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CROSBY, STILLS, NASH, & YOUNG at Wembley   Print

by Robin Denselow
September 16, 1974
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CROSBY, Stills, Nash, and Young are the American entertainment phenomenon of the year. Temporarily reformed, after a three-year split, they have not recorded an album of new songs but instead have toured around the American stadiums, drawing audiences in their tens of thousands. On Saturday American big business, vast scale rock came to London, when CSNY played Wembley Stadium. The official estimate of the crowd was 72,000, who had each paid £3.50 for a 10-hour show that for mere starters included The Band and Joni Mitchell.

In the abstract, a musical event on that scale may sound absurd or slightly horrific, but, I suspect to the amazement of all concerned, it worked triumphantly. All the elements were right; a gigantic stage at one end of the pitch bristled with amplifiers and electronic hardware, ensuring that the sound balance and quality was near-perfect; the sun shone; there was no hint of trouble from the crowds; and the music provided a constantly varied, fresh and technically dazzling encyclopaedia of American rock.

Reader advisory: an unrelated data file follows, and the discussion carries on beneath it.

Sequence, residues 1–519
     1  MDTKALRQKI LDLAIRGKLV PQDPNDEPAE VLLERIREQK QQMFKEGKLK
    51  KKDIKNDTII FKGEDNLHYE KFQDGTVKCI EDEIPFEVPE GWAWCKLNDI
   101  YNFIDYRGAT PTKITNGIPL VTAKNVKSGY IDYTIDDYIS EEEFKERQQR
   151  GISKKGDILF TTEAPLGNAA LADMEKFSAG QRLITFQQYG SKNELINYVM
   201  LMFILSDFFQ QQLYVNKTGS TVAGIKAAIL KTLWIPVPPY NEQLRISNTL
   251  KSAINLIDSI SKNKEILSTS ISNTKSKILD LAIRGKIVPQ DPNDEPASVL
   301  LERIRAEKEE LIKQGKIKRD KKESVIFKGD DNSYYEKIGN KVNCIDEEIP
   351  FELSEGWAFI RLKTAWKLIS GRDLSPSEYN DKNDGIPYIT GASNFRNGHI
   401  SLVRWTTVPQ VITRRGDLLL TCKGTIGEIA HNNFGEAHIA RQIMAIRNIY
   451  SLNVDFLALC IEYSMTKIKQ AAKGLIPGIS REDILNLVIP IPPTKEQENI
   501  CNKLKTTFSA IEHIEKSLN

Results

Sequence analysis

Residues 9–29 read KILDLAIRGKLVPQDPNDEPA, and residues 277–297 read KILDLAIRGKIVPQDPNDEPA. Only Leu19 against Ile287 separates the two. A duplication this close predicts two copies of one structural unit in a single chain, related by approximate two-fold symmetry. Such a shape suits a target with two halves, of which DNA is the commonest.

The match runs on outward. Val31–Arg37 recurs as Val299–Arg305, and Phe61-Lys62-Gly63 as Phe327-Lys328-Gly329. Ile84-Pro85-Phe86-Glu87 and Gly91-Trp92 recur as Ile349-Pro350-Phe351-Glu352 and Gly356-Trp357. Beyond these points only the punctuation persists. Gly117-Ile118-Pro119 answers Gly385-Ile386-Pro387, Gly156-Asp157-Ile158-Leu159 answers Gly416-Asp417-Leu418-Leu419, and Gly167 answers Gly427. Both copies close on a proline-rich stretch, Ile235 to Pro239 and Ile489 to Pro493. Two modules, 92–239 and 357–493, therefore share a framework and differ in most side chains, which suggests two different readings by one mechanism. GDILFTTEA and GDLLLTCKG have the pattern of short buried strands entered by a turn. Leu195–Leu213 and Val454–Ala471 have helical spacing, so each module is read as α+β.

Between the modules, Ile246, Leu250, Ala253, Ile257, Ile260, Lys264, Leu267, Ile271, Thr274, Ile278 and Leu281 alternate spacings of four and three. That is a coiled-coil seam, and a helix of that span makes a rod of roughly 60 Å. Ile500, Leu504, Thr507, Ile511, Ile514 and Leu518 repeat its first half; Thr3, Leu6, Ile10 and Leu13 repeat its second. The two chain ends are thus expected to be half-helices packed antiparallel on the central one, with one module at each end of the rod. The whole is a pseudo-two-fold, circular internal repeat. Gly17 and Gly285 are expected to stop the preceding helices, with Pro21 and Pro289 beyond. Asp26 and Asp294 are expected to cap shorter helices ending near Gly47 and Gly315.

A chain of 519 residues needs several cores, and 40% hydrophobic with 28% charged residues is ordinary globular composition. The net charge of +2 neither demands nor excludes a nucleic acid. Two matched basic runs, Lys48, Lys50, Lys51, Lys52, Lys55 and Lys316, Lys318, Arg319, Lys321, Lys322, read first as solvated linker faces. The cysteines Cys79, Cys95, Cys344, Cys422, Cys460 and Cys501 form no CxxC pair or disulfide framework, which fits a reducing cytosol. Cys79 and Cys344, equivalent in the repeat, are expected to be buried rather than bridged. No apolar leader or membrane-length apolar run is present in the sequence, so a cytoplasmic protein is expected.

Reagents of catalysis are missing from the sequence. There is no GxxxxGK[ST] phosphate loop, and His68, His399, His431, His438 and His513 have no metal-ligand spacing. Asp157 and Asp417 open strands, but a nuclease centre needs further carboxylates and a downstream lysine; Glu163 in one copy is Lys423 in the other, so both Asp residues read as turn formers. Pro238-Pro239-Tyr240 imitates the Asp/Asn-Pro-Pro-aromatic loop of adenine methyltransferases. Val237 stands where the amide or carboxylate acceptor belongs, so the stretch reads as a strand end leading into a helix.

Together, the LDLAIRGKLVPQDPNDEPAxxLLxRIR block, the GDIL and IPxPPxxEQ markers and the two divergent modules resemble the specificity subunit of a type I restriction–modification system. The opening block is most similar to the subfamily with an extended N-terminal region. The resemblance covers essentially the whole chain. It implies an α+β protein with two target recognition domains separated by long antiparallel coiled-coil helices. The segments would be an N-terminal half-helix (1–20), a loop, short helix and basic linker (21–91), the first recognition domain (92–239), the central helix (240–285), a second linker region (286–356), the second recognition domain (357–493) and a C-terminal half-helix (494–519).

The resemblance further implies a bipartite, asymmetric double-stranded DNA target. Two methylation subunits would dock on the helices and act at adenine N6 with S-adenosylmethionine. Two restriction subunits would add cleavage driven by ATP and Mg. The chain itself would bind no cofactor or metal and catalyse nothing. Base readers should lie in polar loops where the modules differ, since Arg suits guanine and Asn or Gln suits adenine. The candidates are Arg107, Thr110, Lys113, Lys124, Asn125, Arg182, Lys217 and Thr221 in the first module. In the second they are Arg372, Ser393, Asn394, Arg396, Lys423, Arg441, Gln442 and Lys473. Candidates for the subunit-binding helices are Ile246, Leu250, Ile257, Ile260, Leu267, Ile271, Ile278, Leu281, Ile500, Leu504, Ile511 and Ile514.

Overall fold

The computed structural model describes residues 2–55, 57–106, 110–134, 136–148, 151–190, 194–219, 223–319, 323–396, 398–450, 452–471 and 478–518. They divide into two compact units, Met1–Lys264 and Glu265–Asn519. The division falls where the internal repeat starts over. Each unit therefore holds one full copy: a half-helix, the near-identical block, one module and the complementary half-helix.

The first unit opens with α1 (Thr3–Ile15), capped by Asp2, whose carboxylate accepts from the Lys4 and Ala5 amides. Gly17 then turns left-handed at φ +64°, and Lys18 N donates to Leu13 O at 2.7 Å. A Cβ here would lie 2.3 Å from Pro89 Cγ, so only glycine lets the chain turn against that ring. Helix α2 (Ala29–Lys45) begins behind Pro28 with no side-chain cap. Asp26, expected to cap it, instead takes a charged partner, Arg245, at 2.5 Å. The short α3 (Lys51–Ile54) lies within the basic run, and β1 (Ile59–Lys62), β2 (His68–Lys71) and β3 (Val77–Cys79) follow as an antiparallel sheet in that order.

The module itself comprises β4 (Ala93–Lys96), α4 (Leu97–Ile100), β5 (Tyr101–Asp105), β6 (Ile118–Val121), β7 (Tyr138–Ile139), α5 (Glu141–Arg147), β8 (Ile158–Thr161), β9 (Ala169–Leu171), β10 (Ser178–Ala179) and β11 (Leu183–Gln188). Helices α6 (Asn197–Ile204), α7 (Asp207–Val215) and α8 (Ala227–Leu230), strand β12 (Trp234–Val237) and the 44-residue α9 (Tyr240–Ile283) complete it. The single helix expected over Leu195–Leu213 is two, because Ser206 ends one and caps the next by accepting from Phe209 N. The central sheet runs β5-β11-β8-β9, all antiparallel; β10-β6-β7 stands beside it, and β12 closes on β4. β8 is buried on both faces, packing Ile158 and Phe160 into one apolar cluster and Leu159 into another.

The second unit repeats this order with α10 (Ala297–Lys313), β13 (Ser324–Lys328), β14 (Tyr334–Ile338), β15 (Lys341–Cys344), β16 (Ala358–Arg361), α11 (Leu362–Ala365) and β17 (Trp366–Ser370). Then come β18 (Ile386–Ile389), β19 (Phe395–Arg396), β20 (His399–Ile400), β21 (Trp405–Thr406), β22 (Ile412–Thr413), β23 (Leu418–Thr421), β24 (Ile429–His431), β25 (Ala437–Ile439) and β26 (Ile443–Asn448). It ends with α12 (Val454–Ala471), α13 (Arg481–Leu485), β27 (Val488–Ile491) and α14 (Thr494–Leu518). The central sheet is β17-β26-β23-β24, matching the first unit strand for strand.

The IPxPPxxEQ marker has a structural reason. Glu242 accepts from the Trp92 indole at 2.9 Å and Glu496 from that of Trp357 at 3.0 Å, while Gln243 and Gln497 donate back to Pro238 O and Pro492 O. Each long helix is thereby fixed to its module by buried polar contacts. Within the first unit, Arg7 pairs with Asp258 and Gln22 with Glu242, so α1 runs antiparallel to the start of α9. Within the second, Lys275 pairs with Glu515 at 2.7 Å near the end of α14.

CSNY played for three and a half hours, made no attempt at a stage show, and acted as if they were giving a casual recital in a friend's back room. Their appeal was in many ways that of the Beatles: each of the four is well-known, has a distinctive personality, and has written excellent songs. Yet they fitted together like a jigsaw, both in the electric sets and when they took turns with the acoustic guitar, with one playing solo and the others helping out with immaculate harmonies. And whatever they were playing there was always a strong melody somewhere near the surface.


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